2. The Yankees won’t beat the Red Sox
  3. [latex]/\therefore[/latex] The Yankees won’t make it to the World Series

A = The Yankees have to beat the Red Sox

B = The Yankees will make it to the World Series

  1. [latex]A \vee \neg B[/latex]
  2. [latex]\neg A[/latex]
  3. [latex]/\therefore \neg B[/latex]
Truth table for disjunctive syllogism
[latex]A[/latex] [latex]B[/latex] [latex]A \vee \neg B[/latex] [latex]\neg A[/latex] [latex]\neg B[/latex]
T T T F F
T F T F T
F T F T F
F F T T T

The truth-table above shows that the argument is valid, as the only circumstance in which both premises are true (row four of the truth-table) is also a circumstance in which the conclusion is true. This form of argument is known as the disjunctive syllogism.

 

2. Sarah will only pass the discrete mathematics exam if she knows her set theory. Fortunately, she does know set theory well, so she will pass the exam.

  1. If Sarah passes her discrete mathematics exam then she knows set theory
  2. Sarah knows set theory
  3. [latex]/\therefore[/latex] Sarah will pass her discrete mathematics exam

A = Sarah will pass her discrete mathematics exam

B = Sarah knows set theory

  1. [latex]A \rightarrow B[/latex]
  2. [latex]B[/latex]
  3. [latex]/\therefore A[/latex]
Truth table for asserting the consequent
[latex]A[/latex] [latex]B[/latex] [latex]A \rightarrow B[/latex] [latex]B[/latex] [latex]A[/latex]
T T T T T
T F F F T
F T T T F
F F T F F

The truth-table above shows that the argument is invalid, because there is a circumstance in which both premises are true and the conclusion is false (provided by the third row of the truth-table). This is another instance of the formal fallacy known as asserting the consequent.

 

3. It just isn’t the case that you can be a liberal and a Republican, so either you’re not a Republican or you’re not a liberal.

  1. One cannot be both a liberal and a Republican
  2. [latex]/\therefore[/latex] Either you’re not a Republican or you’re not a liberal

A = You are a liberal

B = You are a Republican

  1. [latex]\neg (A \wedge B)[/latex]
  2. [latex]/\therefore \neg B \vee \neg A[/latex]
Truth table for DeMorgan Law
[latex]A[/latex] [latex]B[/latex] [latex]\neg (A \wedge B)[/latex] [latex]\neg B \vee \neg A[/latex]
T T F F
T F T T
F T T T
F F T T

The truth-table above shows that the argument is valid, as every circumstance in which the premise is true is also one in which the conclusion is true. This argument is an instance of one of the DeMorgan laws, which states propositions of the form [latex]\neg (A \wedge B)[/latex] are equivalent to those of the form [latex]\neg A \vee \neg B[/latex]. How do you think we show the truth of this law? [Hint: We’ve already achieved one of the two required steps]

 

4. If Dylan goes to law or medical school then he’ll be OK financially. Fortunately, he’s going to law school.

  1. If Dylan goes to law school or Dylan goes to medical school he’ll be OK financially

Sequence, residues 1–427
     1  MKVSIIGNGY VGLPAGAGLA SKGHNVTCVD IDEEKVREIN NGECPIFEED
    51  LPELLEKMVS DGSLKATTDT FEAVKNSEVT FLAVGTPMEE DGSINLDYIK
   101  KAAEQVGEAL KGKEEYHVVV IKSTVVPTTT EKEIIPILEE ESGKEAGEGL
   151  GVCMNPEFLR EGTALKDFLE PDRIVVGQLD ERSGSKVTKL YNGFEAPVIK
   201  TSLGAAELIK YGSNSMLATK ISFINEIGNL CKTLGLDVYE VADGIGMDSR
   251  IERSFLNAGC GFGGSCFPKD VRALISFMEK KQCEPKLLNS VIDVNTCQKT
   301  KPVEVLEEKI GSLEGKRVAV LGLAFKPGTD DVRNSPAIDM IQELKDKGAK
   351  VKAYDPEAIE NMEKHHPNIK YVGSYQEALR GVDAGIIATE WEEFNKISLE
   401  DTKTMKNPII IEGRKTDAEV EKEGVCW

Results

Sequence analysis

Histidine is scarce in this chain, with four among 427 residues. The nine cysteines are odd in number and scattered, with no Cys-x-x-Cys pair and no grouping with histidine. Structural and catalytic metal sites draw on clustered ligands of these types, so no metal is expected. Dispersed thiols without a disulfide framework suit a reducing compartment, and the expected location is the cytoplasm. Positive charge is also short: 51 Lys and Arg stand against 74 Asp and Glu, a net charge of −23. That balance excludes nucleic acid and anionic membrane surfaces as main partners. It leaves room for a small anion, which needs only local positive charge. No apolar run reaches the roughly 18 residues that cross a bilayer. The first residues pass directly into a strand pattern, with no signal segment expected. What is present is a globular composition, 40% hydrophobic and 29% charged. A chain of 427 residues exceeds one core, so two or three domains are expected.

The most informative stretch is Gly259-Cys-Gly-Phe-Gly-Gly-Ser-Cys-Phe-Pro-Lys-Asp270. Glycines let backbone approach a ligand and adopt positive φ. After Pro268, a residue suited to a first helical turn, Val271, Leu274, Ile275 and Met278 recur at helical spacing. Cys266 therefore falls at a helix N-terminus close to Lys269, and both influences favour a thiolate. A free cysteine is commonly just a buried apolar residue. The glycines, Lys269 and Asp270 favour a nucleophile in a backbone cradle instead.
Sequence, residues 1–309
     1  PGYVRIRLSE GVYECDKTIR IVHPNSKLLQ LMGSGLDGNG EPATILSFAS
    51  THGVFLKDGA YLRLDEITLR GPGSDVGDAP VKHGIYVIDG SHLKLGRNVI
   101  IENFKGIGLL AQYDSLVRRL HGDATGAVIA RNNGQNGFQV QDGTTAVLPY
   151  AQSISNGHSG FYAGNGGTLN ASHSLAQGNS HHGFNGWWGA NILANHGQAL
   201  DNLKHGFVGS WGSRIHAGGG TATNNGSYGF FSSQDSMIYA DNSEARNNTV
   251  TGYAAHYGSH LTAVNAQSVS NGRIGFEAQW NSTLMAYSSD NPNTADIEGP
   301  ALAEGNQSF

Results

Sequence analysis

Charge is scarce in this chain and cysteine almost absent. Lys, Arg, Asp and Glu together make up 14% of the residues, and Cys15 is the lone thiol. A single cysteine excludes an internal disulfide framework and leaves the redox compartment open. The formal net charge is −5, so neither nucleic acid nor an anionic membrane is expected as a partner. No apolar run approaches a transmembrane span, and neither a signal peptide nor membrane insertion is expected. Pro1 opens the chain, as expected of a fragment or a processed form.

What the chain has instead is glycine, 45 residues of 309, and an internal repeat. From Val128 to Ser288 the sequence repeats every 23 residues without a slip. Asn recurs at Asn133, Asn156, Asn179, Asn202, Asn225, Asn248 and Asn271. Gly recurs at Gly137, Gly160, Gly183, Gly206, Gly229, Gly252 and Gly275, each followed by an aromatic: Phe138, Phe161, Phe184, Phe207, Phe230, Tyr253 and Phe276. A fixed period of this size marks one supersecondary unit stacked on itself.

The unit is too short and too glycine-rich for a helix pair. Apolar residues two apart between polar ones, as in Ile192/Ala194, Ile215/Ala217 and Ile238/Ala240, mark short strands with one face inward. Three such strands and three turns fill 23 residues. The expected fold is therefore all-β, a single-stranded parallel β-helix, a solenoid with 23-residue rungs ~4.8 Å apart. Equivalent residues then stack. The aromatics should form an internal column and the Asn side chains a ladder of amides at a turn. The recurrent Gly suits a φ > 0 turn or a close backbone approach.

2. Dylan is going to law school
  3. [latex]/\therefore[/latex] Dylan will be OK financially

A = Dylan goes to law school

B = Dylan goes to medical school

C = Dylan will be OK financially

  1. [latex](A \vee B) \rightarrow C[/latex]
  2. [latex]A[/latex]
  3. [latex]/\therefore C[/latex]
Truth table for asserting the antecedent
[latex]A[/latex] [latex]B[/latex] [latex]C[/latex] [latex](A \vee B) \rightarrow C[/latex] [latex]A[/latex] [latex]C[/latex]
T T T T T T
T T F F T F
T F T T T T
T F F F T F
F T T T F T
F T F F F F
F F T T F T
F F F T F F

The truth-table above shows that the argument is valid, as in the only two circumstances in which both premises are true (the first and third rows of the truth-table) the conclusion is also true. This argument is an instance of asserting the antecedent, otherwise known as modus ponens, but in which the antecedent is a disjunction rather than a singular proposition.

 

Chapter Four

Exercise One

For each statement identify the informal fallacy.

 

1. It’s not wrong for newspapers to pass on rumours about sex scandals. Newspapers have a duty to print stories that are in the public interest, and the public clearly have a great interest in rumours about sex scandals since when newspapers print such stories, their circulation increases.

This argument deals on an equivocation of the meaning of “public interest.”

The argument might seem plausible because in the first instance of “public interest,” this means “in the public good,” but in the second instance, “great interest” just means, “the public find it interesting.” Given that in the public good and the public find it interesting don’t mean the same thing, the argument rests on an equivocation.

 

2. Free trade will be good for this country. The reason is patently clear. Isn’t it obvious that unrestricted commercial relations will bestow on all sections of this nation the benefits which result when there is an unimpeded flow of goods between countries?

This argument begs the question, for it simply presupposes that free trade will be good for the country by restating the conclusion in more complicated terms.